We all need to adjust our lives towards a more Eco-Friendly lifestyle. As Campers and RV owners, we should adopt as many habits, tools, and lifestyle changes as possible to preserve and improve the environment we live in.
To this end, here is a great ECO-FRIENDLY TIP for washing your RV. Sometimes these ideas are just small steps, but if we all use them we can make a big difference for the health of our Planet.
Probably one of the most intimidating jobs as an RVer, to me, is the task of washing that enormous RV when you arrive at your home, or Campground, and have been driving through all kinds of weather, dust, grime, grease and worst of all, BUGS.
Last year, while I was at a campground in Florida for our Winter stay, an elderly Canadian couple pulled their RV into the campsite next to me.
Needless to say, after such a long trip, their RV was pretty dirty and the front was covered with bugs. We met, shook hands, talked a while, and we became good campsite friends while we were both at that campground.
Well, the next day, in the cool of the morning, I noticed he was cleaning the front of his RV, then to my surprise, he stopped and started again on a section of one of the sides of the RV and then quit again. He continued this routine daily on a small section of the RV until he had a totally clean RV after a week.
The point is that he had figured out how to pace himself, as well as the use of campground water, and cleaning materials and ended up with a very effective way to clean his RV; avoiding the one-time effort, had less sore muscles, and he used of less water overall.
I on the other hand, had spent several hours one day, in the heat, continually; wetting, soaping, washing, and rinsing the whole darn RV, and when I had finished, I had wasted a lot more water, cleaning materials, and muscle power than my Canadian friend.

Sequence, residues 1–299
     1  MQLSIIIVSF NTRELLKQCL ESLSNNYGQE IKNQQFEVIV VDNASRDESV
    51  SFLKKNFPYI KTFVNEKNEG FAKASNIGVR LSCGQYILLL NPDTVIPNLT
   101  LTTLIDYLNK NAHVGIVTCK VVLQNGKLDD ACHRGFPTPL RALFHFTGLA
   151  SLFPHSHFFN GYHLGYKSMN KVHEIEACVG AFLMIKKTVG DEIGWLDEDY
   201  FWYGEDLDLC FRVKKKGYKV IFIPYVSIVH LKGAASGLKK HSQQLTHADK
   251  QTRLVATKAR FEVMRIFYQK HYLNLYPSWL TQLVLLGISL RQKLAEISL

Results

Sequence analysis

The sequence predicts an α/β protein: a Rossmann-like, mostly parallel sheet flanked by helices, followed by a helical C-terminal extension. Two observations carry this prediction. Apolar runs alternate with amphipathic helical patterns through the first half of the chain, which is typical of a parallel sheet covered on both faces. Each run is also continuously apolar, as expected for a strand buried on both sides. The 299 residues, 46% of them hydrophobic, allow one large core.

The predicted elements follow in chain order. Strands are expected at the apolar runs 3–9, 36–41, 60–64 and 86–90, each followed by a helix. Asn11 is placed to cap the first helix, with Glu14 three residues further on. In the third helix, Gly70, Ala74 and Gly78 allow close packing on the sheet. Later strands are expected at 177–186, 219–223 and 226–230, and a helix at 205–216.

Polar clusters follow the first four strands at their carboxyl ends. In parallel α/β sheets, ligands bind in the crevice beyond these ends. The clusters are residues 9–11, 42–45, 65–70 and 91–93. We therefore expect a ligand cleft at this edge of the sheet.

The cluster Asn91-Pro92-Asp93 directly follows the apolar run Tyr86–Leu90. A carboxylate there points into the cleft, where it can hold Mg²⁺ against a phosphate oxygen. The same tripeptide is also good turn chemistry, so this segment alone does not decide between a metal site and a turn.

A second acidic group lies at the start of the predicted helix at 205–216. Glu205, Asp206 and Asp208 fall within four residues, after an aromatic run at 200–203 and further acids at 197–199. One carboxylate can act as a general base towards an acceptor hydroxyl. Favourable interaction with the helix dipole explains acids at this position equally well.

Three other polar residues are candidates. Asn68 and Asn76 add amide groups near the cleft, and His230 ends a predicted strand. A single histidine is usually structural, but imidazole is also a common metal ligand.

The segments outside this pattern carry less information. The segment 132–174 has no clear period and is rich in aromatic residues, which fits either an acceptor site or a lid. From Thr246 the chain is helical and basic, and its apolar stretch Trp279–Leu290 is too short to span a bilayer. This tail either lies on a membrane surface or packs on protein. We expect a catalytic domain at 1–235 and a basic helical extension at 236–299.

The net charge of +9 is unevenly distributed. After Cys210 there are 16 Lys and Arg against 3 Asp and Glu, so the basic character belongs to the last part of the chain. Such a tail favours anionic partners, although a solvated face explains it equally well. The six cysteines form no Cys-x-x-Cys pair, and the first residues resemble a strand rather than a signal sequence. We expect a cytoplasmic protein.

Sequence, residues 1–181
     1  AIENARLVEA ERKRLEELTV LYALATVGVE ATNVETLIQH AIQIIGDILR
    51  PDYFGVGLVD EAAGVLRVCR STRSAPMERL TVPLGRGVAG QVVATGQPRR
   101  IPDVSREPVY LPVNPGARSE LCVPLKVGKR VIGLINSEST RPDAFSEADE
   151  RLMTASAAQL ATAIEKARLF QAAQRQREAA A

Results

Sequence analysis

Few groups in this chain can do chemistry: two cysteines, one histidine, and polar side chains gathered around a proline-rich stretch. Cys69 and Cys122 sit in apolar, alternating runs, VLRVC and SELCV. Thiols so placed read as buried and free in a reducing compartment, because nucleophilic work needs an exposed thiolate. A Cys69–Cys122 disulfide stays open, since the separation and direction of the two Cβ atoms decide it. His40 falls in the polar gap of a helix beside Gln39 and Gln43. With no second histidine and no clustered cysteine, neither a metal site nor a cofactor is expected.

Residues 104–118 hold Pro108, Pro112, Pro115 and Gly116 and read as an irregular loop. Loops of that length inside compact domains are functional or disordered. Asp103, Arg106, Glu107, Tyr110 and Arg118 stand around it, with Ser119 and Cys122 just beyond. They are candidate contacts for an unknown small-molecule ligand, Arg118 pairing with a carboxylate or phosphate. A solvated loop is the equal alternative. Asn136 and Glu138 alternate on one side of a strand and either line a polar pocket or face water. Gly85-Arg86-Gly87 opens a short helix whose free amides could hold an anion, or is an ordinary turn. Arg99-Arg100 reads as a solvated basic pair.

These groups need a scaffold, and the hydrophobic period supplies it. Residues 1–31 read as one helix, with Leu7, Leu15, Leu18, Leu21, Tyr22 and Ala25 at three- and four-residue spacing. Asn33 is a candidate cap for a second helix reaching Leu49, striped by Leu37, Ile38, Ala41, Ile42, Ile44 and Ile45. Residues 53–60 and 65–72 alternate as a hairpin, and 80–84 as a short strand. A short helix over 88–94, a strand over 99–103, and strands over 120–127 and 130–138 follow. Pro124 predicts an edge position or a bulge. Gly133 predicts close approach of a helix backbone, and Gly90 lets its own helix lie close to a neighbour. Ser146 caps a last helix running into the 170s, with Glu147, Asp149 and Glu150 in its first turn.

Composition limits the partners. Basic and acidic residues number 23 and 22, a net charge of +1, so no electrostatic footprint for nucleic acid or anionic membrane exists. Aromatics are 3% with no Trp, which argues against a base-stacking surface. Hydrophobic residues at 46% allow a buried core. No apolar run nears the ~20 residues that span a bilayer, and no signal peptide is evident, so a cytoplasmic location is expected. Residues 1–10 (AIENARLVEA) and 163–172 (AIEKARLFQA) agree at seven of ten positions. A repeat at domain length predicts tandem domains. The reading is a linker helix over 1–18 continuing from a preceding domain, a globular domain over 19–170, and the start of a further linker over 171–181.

I hurt for days, so a couple of campgrounds later, I jumped on having a local crew come in and wash my RV for me. It ended up costing me several hundred dollars. The RV looked great, but my wallet was a lot lighter.
I don’t know where this kind of commercial cleaning stands on the ECO-Friendly scale, but as I sat there, with my glass of wine in hand, watching the 4-man crew spend right at 45-minutes to clean and hand wax and polish my whole RV, I am sure that they were more efficient, thus more ECO-FRIENDLY than my personal work.
My lesson-learned was to follow my friends process the next time I washed my RV myself, and to look closer at the materials I would use.
What I mean is, that I now take a good close look at my RV and use the appropriate materials to clean the different areas of my RV, and to get rid of the different types of dirt, grime, grease, and stains.
The front of an RV will collect, along with the dirt, a lot of dead bugs. Remember, if they have dried up, they are even harder to remove, but here is a great hint;
- Take 2 buckets, fill one with clean water, and the other with a dish-washing detergent/water combination.
- Use a soft-bristle brush with a long handle, and thoroughly soak the whole front end of the RV (and thus the bug bodies) with water, then let it sit for 10-minutes or so. This will allow the bug bodies and dirt to soak up the water and soften.
- When you come back, wash the windshield and front of the RV with the dish-washing detergent and water combination, and then go away again for about 10-minutes, to let the bug bodies to soak up some of this cleanser.
- When you come back, get your ladder out, and using a rag, hand scrub the front of the RV starting at the top with your ECO-Friendly cleanse (like dish-washing detergent).
- When finished scrubbing, rinse the front with a fresh bucket of clean water, and then you should be rid of 98% of the bug bodies, and all of the dirt,
- And you will have your shiny front on your RV.
The great thing is; you used less water, less caustic chemicals, and you had a couple of nice rest periods during the cleaning process.
By the way, as to that other 2% that you could not clean with the dish-washing detergent, well it is highly likely that those expensive, and often caustic cleansers that you did not use, would not remove the remaining bugs any better. These remaining bug bodies, etcetera, require individual attention with the application of good old elbow-grease. Sorry!
Preventive Medicine for Bugs:
Another hint for you, is to try to minimize the number of bugs that stick to your front end when you are traveling.
I have heard a lot of suggestions from my fellow RVers, and the best I have found for the body part of the front end, is to use BABY OIL.
Yes, thats right, Baby Oil!
Just before we pull out on a trip, we soak a couple of paper towels in Baby Oil, and thoroughly rub the front body parts down, including the headlight lens’.
Then when we get to our campsite, we just hose what is left along with most of the bugs off of the front end. It only takes a little water, and what can be safer and more ECO-FRIENDLY than Baby Oil?